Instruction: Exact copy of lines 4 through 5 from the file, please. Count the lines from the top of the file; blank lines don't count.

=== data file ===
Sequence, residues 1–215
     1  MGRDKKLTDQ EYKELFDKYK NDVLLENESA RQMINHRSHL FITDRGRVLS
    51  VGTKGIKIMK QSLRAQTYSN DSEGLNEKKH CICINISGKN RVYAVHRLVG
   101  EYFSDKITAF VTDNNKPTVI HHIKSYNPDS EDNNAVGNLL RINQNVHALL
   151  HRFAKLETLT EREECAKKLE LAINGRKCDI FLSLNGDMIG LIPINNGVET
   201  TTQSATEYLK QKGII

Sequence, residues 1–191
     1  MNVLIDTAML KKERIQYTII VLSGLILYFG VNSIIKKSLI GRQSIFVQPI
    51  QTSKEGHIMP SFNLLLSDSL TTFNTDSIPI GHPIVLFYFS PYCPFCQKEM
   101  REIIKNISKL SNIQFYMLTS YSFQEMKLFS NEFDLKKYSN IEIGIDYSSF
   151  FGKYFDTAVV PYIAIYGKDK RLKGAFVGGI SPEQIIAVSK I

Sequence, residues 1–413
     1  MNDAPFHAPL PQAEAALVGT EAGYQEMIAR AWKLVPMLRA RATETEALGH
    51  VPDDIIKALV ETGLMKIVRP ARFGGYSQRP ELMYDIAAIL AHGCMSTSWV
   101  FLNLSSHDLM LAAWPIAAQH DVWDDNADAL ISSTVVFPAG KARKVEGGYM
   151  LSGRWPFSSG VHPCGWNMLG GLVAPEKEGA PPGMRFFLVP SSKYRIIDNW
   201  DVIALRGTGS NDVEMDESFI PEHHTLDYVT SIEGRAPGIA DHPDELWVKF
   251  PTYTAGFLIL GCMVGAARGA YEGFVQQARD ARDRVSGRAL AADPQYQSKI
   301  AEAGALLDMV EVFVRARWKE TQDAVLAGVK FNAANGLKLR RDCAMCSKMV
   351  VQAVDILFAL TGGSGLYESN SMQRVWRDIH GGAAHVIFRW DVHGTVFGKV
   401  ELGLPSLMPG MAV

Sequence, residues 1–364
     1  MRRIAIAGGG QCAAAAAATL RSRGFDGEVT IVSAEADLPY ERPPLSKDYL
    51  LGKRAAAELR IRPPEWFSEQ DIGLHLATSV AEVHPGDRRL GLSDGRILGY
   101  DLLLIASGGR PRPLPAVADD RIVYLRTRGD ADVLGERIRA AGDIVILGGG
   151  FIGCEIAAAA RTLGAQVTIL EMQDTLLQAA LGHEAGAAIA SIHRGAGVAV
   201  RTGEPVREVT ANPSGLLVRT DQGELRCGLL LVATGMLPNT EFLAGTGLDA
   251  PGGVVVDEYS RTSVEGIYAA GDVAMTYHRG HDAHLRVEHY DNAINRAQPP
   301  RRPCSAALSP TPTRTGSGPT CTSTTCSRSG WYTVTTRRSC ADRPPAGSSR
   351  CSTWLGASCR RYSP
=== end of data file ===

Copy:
   101  EYFSDKITAF VTDNNKPTVI HHIKSYNPDS EDNNAVGNLL RINQNVHALL
   151  HRFAKLETLT EREECAKKLE LAINGRKCDI FLSLNGDMIG LIPINNGVET